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Data connectivity: Five Quotes To Change Your Opinion Of Customer Recognition And Insight

  • Jed Mole

    Jed Mole

Created at June 23rd, 2015

Data connectivity: Five Quotes To Change Your Opinion Of Customer Recognition And Insight

Imagine if all your customer touchpoints could speak to each other.

From desktop to mobile, email to in-store, if each could talk, they’d be able to communicate the last time they interacted with consumers, and share stories about what a customer wanted. Between them they could recognise exactly what individuals wanted, and know what they’re likely to need next.

That smart cross-channel insight and customer recognition is what data connectivity can help you to achieve. But effective campaigns powered by deep data insight do more than just join the dots. They help you make the most of your marketing activity and most importantly, make customers happy. Below are five quotes that may influence how you use data to better connect with, and recognise customers.

Remembering the importance of consumer-centricity

1. “Customer personalisation should not come at a cost that stops that customer engagement – a savvy userbase will become more conscious of how companies could take advantage of their data, and won’t play ball if they don’t like what they see.”

For marketers to drive meaningful relationships, they must remember: through personalisation, they’re aiming to solve customer problems and meet individual’s expectations of real-time, accurate engagement.

Consumer-centricity lies at the heart of effective personalisation, and as IBM’s Paul Papas states; “You need a personalised customer experience to breach real and digital worlds”. In light of this, marketer’s should remember:

2. “Customers [should] be at the centre of any business strategy as they increasingly come to expect more from their services… One failed interaction, one little swipe on a touchscreen, and you could lose [customers] forever,”

It’s not simple – but data is both the cause and solution to the issue. With a transparent approach to customer data use and the ability to recognise consumers as individuals cross-platform, engagement, loyalty, and smarter data use will result.

Mobile is an invaluable channel for insight and customer recognition

Mobile is a channel unlike any other when it comes to recognition – it’s almost an amalgamation of all touchpoints, making it an invaluable source of insight:

3. “Mobile is clearly no longer the second screen for customer engagement. Nearly a third of total digital traffic (31 percent) is now via mobile devices, with more consumers than ever using their mobile devices to engage with companies, be that shopping or interacting over social media.”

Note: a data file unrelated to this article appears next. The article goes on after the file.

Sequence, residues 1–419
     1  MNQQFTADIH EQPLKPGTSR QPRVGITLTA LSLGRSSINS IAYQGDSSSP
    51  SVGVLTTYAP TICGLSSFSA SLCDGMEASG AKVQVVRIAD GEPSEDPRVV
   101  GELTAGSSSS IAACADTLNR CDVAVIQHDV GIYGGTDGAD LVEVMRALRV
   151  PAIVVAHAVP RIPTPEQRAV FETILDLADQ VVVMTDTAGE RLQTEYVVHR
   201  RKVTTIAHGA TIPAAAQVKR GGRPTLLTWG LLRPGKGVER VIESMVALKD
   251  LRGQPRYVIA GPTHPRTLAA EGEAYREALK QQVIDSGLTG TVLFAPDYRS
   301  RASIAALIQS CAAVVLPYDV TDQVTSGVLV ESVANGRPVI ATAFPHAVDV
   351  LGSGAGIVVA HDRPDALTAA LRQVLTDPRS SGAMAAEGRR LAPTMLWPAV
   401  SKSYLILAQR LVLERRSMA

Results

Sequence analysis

For best customer recognition, a considered mobile strategy is crucial, though a surprising number of organisations still lack mobile agility. Stated in cmo.com in May 2015:

4. “A third (34 percent) of companies have a defined a mobile strategy for the next 12 months, but nearly half (45 percent) haven’t… A lot of it is simply down to resistance and lack of understanding.”

Recognition can be hard to achieve on mobile. One way to get around this however is to encourage consumers to move ‘in app’ and use mobile apps to connect with brands. This immediately smoothes disjointed recognition, greatly enhances loyalty schemes and content relevancy, and overall leads to a greater customer experience.

For campaigns to have the competitive advantage and gain the upper hand on insight – make the most of mobile.

Ethics must never be forgotten: Transparency leads to trusted insight

For marketers to build long term trust and have the opportunity to better recognise their audience, transparency and ethical data use must always come first.

Customers are increasingly aware that marketers use their data; so companies must clearly outline what they plan to do with insight, and ensure a frequent, open and honest dialogue with customers in order to maintain trusted relationships. Advice from Henk van Roekel on CGI.com outlines three key principals that should be considered for transparent ethical relationships:

5. “(1) Know your customer. (2) Engage in a conversation with customers. (3) Work as a trusted advisor, always safeguarding the information customers share.”

Unfortunately we’re still a way off touchpoints that automatically communicate insight with each other. But that doesn’t mean connectivity is impossible. By building transparent relationships between consumers, marketers and data, the route to better cross-channel insight, and accurate customer recognition can be achieved.